Chew on This!
Most Pets Have Periodontal Issues
By Richard Ticktin, CEO and Chief Chemist of SynergyLabs
More than 85% of dogs and cats older than four years have periodontal concerns. Common dental and oral issues in animals were poorly understood before the 1970s. Today, however, after much research, veterinary dentistry has recognized, treated, and learned how to control several oral diseases.
As a groomer, you might assume that periodontal issues should be a topic between a pet parent and a veterinarian. However, think about the added value you can contribute by recognizing the symptoms of periodontal disease on a pet and the additional services you can provide to promote dental and oral health, which could essentially increase your bottom line.
Understanding the Symptoms
It’s a fact that most pet parents never take a look inside a dog’s or cat’s mouth. It is another fact that, far too often, the lack of checking can contribute to a severe case of periodontal disease. You can become a promoter of good oral health by helping the pet parent recognize the symptoms. Look out for the following signs: bad breath, excessive drooling, inflamed gums, tumors in the gums, cysts under the tongue, and loose teeth. Though only veterinarians should provide a diagnosis, groomers should familiarize themselves with these oral diseases in order to provide a pet parent with a concerned warning that most will surely appreciate.
Periodontal disease is a painful infection between the tooth and the gum. This can result in tooth loss and infection that can spread to the rest of the body. Signs to look out for are loose teeth, bad breath, sneezing, and nasal discharge.
Gingivitis, considered by many veterinarians to be the first stage of periodontal disease, is an inflammation of the gums caused mainly by plaque, tartar, and bacteria below the gum line. Signs include gum bleeding and bad breath.
Halitosis is a medical term that really means bad breath. It can be the first sign of an oral issue caused by bacteria growing from food particles caught between the teeth or by gum infection.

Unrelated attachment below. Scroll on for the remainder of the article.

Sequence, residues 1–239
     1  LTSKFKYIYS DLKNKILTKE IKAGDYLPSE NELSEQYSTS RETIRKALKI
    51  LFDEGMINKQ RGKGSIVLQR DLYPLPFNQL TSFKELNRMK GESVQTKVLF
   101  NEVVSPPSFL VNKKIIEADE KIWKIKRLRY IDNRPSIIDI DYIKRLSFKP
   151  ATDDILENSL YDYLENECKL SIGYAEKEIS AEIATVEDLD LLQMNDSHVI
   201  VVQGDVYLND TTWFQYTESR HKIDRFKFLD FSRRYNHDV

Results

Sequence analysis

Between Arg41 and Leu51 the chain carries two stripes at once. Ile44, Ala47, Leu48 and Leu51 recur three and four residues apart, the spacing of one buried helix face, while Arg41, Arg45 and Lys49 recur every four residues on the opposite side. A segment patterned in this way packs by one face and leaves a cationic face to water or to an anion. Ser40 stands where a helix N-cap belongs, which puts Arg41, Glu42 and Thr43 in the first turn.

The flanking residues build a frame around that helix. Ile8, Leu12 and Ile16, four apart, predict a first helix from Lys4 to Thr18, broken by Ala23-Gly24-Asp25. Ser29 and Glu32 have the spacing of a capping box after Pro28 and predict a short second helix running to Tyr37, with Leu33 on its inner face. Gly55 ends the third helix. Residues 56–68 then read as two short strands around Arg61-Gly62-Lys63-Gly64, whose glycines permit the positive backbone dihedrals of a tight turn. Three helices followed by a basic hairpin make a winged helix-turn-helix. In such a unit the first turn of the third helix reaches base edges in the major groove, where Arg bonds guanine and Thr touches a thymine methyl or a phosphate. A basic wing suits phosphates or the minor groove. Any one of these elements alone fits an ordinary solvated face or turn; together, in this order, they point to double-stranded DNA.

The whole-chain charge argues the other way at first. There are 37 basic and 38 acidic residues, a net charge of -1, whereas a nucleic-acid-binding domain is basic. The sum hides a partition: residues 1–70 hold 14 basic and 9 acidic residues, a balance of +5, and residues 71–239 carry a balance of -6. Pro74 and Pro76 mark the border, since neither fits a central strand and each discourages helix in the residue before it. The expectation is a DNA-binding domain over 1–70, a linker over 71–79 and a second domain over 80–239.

Mouth Tumors appear as lumps in the gums. Salivary cysts are large fluid-filled blisters under the tongue or near the corners of the jaw. They require immediate veterinary care.
Gum disease occurs when the gum grows over the teeth. It must be treated immediately to avoid gum infection that can lead to teeth loss.
Canine distemper teeth can occur if a dog had distemper as a puppy and as an adult has teeth decay. A veterinarian should treat this as soon as possible.
Promote Oral Health and Increase Sales
Groomers can address dental and oral problems and provide pet parents with solutions to most diseases mentioned in this article. For example, according to the Journal of Veterinary Dentistry (December 1996), tooth-brushing on an occasional basis is not enough to maintain healthy gums in dogs. Adding a daily dental chew to occasional tooth-brushing can help to reduce plaque and tarter buildup. Special diets and products, however, are not substitutes for the recommended daily tooth-brushing.
Do you carry pet-approved toothbrushes, dental chews, and other oral related products in your store? How about newer dental care products that include antiseptic impregnated chewies or oral health water additives without alcohol? These additional products in your store can definitely boost your sales and provide a well-rounded inventory of pet products from which pet parents can choose.
The Bottom Line
Groomers can play a major role in helping pet parents respond to their pets’ dental and oral diseases. All they need is a push in the right direction while providing them with the necessary tools to do it. Take the opportunity to recognize oral issues in cats and dogs and promote oral health. ✂
For more information on dog or cat periodontal concerns, treatments, and/or questions or comments, email SynergyLabs’ Veterinarian Daniela Solomon at email@example.com.